How to Play Car Wars
Playing Car Wars
If you loved movies like Death Race 2000 and The Road Warrior, youíre the sort of person who should learn how to play Car Wars. First published in 1980, this vehicular combat game from Steve Jackson has inspired numerous supplements, variants, and even a few computer games. Players build their vehicles from scratch, install the latest armor and weapons, and then have a blast trying to run down or blow up the competition.
Something else I like about Car Wars is the diversity of the destruction. While beginning players may be content to destroy cars, trucks, and motorcycles, rules allow for such diverse forms of transportation as semi-trucks, hot-air balloons, boats, helicopters, and tanks. Add on a radar system, computer targeting, and some missiles, and youíve got yourself a ride thatíll do a whole lot more than pick up the kids from soccer practice.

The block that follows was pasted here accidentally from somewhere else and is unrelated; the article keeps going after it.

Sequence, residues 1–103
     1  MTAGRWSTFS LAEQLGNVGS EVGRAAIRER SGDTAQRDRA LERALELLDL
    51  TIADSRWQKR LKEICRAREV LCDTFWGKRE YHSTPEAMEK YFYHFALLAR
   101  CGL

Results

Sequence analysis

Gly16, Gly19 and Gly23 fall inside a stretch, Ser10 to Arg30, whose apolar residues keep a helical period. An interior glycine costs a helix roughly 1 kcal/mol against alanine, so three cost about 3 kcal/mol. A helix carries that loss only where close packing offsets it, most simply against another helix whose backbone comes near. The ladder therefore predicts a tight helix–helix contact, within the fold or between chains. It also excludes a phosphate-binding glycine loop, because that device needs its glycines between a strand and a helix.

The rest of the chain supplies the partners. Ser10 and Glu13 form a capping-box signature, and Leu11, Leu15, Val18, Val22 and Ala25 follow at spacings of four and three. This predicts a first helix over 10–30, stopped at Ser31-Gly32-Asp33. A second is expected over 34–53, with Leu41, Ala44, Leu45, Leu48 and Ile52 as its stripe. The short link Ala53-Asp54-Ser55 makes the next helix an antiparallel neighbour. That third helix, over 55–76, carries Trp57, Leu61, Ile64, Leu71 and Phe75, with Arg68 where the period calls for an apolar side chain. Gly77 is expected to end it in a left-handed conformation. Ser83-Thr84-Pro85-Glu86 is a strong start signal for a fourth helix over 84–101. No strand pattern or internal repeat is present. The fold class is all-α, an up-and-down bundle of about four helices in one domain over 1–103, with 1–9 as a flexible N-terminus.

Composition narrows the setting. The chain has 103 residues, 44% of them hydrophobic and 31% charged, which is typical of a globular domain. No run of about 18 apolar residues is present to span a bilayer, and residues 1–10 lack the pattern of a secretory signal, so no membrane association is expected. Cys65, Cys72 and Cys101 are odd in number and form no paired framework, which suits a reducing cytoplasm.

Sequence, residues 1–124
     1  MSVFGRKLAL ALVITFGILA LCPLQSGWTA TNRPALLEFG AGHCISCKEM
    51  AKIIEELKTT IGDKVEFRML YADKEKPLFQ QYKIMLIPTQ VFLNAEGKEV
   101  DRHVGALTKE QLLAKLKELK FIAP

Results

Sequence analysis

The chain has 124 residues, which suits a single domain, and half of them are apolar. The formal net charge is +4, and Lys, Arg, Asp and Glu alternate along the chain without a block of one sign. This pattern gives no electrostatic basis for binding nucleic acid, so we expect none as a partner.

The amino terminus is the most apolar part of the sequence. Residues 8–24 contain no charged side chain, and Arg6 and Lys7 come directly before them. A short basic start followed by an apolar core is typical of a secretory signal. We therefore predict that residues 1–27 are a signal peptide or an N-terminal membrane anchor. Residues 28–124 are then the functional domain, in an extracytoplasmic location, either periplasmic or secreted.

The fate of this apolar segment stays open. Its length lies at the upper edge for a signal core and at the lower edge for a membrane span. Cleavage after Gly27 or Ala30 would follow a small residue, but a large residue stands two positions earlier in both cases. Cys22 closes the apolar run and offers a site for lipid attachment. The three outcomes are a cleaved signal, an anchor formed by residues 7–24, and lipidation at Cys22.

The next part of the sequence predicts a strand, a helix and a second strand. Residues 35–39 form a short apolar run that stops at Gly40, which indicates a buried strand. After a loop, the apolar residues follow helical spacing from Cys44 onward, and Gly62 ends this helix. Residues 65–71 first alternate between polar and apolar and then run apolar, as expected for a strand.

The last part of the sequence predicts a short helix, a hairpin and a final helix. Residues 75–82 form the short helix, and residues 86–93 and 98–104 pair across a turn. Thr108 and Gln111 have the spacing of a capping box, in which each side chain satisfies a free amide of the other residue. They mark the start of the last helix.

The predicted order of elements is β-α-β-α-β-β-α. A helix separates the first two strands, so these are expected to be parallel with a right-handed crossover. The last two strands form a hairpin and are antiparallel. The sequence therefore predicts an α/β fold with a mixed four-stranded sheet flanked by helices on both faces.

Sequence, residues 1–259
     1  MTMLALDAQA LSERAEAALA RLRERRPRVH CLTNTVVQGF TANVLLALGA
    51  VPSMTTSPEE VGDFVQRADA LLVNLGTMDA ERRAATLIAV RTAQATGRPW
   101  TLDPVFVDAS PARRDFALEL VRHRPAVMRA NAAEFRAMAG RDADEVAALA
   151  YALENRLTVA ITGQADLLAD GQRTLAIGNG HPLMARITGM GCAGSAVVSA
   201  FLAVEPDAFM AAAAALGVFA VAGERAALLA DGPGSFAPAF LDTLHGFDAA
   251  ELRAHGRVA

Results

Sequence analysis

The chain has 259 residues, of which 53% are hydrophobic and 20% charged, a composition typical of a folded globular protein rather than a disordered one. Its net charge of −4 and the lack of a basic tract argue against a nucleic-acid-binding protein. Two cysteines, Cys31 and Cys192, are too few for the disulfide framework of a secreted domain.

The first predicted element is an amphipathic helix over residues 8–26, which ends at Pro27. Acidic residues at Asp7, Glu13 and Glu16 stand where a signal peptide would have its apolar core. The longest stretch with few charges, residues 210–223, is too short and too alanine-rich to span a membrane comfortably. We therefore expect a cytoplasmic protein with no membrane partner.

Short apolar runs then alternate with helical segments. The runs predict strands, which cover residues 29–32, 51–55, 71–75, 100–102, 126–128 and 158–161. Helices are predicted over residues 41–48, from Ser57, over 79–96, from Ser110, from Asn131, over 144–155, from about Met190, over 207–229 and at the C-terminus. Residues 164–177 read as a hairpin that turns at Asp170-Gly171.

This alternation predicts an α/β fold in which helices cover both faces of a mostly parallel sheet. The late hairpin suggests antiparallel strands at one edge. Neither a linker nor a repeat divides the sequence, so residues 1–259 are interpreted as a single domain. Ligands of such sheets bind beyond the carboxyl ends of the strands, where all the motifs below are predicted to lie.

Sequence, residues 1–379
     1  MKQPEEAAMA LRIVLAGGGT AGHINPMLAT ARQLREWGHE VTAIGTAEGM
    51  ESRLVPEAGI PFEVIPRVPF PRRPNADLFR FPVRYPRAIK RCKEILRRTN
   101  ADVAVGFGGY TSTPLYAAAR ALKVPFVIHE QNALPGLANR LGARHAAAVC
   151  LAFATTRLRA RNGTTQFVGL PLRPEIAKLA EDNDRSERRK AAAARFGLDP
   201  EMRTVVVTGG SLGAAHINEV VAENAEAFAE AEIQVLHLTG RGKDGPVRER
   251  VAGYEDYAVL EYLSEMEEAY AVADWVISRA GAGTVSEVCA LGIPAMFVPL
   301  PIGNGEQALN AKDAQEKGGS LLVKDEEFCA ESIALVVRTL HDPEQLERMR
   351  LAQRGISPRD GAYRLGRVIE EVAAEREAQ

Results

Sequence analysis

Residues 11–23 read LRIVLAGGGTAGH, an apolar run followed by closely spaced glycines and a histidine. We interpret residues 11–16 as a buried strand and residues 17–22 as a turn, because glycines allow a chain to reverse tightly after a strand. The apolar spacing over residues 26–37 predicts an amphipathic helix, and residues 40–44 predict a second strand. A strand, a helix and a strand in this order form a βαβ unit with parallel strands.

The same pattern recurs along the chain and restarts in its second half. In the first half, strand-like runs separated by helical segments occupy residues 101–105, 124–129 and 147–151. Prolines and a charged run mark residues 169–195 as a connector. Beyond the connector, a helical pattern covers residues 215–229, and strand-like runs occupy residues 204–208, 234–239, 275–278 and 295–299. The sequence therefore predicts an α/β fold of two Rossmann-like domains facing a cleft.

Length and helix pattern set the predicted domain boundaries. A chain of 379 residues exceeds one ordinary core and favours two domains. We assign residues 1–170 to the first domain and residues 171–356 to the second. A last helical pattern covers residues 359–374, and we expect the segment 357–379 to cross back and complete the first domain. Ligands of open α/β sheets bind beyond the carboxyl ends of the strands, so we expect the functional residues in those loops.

I remember learning how to play Car Wars for the first time on my living room floor while still in high school. My opponent was a buddy named Steve, and our cars were loaded down with oil slicks, flamethrowers, and hood-mounted machine-guns. I ended up losing in the end, but it did nothing to dampen my enthusiasm for the game.
Continue reading if youíd like to know more about how to play Car Wars. For those already familiar with the rules, weíve also included some Car Wars strategy to help you decimate the competition.
Car Wars Instructions